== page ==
So rather than doing...

def doit(option1, data): for x in data: if option1: x += 7

You can create a function that doesn't include the "if option1" part. This is great if you have many different options... and instead of bloating your code for many different optimized function, or one slower generic function, you can create the optimized functions at run time.

Looks very nice. I just wish it had support for 3dnow, and windows :)

i would have liked to see llvm bindings to python... i am sure they are out there...

any body benchmarked the performance of CorePy?

No, but I'd assume any intense math operations that happen inside a loop would be much faster.

Then your understanding of machine language and compilers would be flawed.

In most cases the compiler will do a better job at optimizing machine code than humans will.

I am interested to hear about how often you've actually tried to beat a c compiler with hand optimized assembly code. In my experience, this statement is only said by people who have never tried.

For example, numerical calculations that are highly SIMD can be improved substantially by using SSE instructions. Autovectorization is ok, but not great. Furthermore, a programmer who is familiar with SSE instructions can alter/swizzle data to make things easier to use with SIMD instructions. Yet further, a programmer can take advantage of things like non-temporal storing which compilers will not do on their own.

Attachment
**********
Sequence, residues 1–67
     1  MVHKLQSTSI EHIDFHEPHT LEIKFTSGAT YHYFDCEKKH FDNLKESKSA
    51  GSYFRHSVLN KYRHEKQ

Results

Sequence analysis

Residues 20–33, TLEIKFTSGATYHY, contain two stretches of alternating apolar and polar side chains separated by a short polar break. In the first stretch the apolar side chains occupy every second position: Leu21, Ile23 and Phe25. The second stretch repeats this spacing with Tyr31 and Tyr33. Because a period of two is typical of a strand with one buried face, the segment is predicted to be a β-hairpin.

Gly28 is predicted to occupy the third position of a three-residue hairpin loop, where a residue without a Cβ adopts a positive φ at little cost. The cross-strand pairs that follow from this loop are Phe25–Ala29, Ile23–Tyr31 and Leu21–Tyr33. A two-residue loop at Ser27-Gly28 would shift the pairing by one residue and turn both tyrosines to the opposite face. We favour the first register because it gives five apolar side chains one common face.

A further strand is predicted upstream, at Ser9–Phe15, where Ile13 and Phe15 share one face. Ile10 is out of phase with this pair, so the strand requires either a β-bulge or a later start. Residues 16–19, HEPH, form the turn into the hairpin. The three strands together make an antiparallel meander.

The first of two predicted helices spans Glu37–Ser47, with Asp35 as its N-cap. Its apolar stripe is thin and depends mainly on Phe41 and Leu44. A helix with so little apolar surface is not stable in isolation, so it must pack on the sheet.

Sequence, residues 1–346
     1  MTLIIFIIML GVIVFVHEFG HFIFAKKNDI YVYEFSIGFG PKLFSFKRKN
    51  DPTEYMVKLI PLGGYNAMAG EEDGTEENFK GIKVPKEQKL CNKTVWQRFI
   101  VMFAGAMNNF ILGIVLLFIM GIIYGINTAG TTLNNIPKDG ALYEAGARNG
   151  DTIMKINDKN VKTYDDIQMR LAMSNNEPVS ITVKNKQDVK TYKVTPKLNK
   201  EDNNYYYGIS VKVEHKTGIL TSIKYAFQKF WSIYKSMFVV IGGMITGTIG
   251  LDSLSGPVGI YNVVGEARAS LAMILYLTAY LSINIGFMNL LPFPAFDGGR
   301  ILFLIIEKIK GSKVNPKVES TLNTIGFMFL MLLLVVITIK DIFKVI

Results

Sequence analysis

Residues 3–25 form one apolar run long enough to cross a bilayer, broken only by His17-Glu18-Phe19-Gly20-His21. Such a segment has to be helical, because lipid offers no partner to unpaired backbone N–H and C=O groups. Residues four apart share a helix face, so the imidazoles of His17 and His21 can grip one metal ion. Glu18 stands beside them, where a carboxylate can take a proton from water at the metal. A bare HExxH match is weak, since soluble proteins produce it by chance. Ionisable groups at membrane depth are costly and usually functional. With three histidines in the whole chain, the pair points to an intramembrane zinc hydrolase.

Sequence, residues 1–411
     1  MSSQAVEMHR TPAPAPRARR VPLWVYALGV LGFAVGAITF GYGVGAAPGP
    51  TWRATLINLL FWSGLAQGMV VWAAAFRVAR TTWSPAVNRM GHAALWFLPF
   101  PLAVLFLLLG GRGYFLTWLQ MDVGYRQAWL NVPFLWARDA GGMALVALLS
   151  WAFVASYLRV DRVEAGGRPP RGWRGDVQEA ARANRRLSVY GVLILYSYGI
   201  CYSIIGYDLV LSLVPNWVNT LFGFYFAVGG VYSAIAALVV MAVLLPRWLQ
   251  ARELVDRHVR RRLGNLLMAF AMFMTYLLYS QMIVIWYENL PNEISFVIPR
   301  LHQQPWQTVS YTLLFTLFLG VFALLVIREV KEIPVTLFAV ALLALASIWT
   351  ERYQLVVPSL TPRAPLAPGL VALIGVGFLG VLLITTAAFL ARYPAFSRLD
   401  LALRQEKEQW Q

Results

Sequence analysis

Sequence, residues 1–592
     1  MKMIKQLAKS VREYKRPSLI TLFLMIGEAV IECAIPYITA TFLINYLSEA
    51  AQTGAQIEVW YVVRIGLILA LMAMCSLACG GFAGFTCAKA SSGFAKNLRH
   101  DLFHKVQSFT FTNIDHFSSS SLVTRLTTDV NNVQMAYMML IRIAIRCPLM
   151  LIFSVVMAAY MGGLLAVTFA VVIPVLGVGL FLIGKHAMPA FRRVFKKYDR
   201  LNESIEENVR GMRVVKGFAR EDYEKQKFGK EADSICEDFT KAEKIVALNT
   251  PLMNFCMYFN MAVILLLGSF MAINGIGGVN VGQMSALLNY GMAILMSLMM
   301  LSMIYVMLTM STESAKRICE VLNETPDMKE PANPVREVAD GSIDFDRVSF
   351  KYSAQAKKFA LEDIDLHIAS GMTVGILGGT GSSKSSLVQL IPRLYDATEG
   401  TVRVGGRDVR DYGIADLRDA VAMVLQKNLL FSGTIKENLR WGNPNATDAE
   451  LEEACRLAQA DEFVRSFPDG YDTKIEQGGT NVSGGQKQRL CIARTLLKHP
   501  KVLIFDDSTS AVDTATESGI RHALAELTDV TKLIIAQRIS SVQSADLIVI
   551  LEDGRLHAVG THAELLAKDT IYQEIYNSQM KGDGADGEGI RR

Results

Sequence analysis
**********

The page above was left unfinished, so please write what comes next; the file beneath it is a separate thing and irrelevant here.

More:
Now, granted, you can massage gcc into giving you "good" code with alot of hints but to do it "right" you are still peering at the assembly and making sure gcc isn't doing anything "stupid". Highly optimized C code is so dense with compiler directives as to be unrecognizable to someone unfamiliar with the underlying architecture.

The belief that your naive for-loop computation is somehow transformed automagically into perfection by the compiler is a pure and unadulterated myth.

Using SSE is specifically one of the cases where writing something in assembly can make sense (and in fact, the only case where I've written things in asm for purely performance reasons).

Let's go back to the original statement:

I'd assume any intense math operations that happen inside a loop would be much faster.

That's what I was responding to. Just trasnlating the logic to asm won't make it fast. If you look at my earlier followup, I mentioned that if you could make assumptions about your code that the compiler can't know, then you're back in the land where asm optimizations can make sense. That seems to be what you're getting at with the rest of your points.

I tried it, back when I was doing a lot of assembly language programming in college. I lost to the compiler miserably every time.